The recent renaissance of psychedelic research shows these substances have significant capabilities for treating anxiety, depression, posttraumatic stress disorder (PTSD), and substance use disorders. But these promising results are limited in their applicability: an analysis from 2018 showed that 82.3% of all study participants in psychedelic trials internationally were non-Hispanic Whites, and only 2.5% were African-American.

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What Psychedelic Research Can Learn from Science, and What It Can Teach

By Manoj Doss

As a psychedelic researcher, I find myself increasingly frustrated by the tendency of the field to make lofty claims about the drugs that stray from the realities and limitations of the data.

For example, psychedelic research that uses neuroimaging employs measures of brain function that are, in fact, quite crude. Typically, one signal in a brain scan can mean many things (amygdala activation can occur when one is scared, happy, observing something salient, etc.).

For this reason, cognitive neuroscientists typically constrain mental activity using behavioral tasks in order to make more educated inferences regarding what is happening in the mind. Yet for some reason, psychedelic scientists believe they can infer mental function from the activity of a few tripping brains under task-free conditions. That is, participants are essentially doing whatever they want in the scanner, making the number of possible inferences one could make nearly infinite. And worse, they base their claims on outdated Freudian theory.

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Rays of light in a forest.

What the Study of Religion Can Teach Us About Psychedelics

By Sam S.B. Shonkoff

If there is one thing that the critical study of religion unveils, it is that every enchanting and revelatory movement in human history — without exception, no matter how luminous the auras — is nonetheless human.

Psychedelics are no exception.

These substances are making a lot of brain scientists and policymakers talk about mysticism. And how could they not? A rapidly expanding body of data confirms that historically sacramental elements can induce altered states of consciousness with significant healing powers.

In contrast to today’s more conventional psychopharmacological techniques, which require regular doses to maintain chemical changes in the body, it appears that psychedelic medicines operate precisely by means of transformative experiences, the effects of which can last for months, if not years. Scholars and psychonauts alike can hardly account for these phenomena without recourse to the lexicon of religious studies.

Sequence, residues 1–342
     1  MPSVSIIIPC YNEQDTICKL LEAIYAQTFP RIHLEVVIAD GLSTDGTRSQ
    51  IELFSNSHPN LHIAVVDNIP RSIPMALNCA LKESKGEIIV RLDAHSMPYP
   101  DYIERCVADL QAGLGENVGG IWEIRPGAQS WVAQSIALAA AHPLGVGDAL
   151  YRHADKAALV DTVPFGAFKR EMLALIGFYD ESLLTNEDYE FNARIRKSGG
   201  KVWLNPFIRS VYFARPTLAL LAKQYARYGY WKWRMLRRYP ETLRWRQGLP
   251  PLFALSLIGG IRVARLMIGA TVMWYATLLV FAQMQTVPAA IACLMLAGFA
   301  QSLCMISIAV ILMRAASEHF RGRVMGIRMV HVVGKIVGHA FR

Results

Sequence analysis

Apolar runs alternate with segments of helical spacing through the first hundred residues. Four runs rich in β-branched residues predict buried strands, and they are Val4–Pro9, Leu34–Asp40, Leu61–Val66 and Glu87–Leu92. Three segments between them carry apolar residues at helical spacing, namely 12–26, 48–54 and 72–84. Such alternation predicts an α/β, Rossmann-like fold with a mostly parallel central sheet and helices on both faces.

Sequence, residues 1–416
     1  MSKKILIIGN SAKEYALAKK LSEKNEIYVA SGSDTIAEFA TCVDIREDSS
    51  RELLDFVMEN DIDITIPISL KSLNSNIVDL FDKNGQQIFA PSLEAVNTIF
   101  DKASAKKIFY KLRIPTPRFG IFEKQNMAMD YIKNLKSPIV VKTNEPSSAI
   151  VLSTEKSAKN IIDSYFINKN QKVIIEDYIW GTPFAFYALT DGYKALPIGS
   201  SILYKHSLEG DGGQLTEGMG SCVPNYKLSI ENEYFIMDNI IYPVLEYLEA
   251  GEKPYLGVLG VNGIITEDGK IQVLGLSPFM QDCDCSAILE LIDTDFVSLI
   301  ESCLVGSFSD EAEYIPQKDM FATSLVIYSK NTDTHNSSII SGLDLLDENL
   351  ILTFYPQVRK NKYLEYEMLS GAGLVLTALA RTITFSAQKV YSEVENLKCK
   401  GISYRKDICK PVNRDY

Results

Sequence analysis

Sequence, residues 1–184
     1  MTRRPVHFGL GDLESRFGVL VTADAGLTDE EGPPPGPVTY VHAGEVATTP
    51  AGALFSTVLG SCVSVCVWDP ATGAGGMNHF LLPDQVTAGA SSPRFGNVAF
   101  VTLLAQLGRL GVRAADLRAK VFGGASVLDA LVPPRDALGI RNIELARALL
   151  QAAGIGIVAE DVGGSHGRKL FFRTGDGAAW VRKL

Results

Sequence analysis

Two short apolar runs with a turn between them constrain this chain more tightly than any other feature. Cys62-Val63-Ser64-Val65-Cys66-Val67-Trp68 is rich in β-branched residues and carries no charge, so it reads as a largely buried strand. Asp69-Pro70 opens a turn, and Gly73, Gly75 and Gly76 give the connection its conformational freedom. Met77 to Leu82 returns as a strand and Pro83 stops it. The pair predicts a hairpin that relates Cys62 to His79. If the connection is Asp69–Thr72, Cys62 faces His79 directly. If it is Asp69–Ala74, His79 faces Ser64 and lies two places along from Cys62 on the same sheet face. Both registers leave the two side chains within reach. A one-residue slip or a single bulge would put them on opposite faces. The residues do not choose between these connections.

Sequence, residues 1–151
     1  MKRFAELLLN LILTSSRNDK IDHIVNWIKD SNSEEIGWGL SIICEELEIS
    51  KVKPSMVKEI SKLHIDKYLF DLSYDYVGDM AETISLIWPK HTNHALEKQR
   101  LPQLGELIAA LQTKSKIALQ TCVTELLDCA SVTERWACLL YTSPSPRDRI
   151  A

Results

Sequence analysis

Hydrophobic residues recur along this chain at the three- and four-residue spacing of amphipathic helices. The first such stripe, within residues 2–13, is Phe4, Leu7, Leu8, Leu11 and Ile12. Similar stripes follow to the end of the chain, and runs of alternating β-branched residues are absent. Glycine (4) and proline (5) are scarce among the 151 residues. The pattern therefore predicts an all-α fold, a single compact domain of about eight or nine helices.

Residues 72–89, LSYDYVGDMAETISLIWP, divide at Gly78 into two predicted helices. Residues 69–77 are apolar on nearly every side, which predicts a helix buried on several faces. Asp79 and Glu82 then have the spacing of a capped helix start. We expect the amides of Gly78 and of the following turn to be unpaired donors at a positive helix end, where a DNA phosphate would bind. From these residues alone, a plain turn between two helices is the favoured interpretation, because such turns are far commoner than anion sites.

And yet, strangely, scholars of religion have been largely absent from this discourse.

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America divided concept, american flag on cracked background.

Can Psychedelics Help Save America?

By Shelby Hartman

Amid a fractured political landscape, an unprecedented pandemic, and a reckoning with the country’s racist past, psychedelics may offer some hope for healing in the United States. In recent decades, a renaissance of psychedelic drug research has grown at prominent institutions like Johns Hopkins, New York University, and Imperial College London, among others.

Psilocybin, the psychoactive component in psychedelic mushrooms, and MDMA, sometimes confused with its adulterated version, ecstasy, have both been given breakthrough therapy status by the Food and Drug Administration (FDA), because they’ve shown so much promise for treating conditions for which we currently have few effective options. Psilocybin for treatment-resistant depression and MDMA for post-traumatic disorder are projected to be legal within the next five years as drugs that will be administered under the supervision of trained therapists.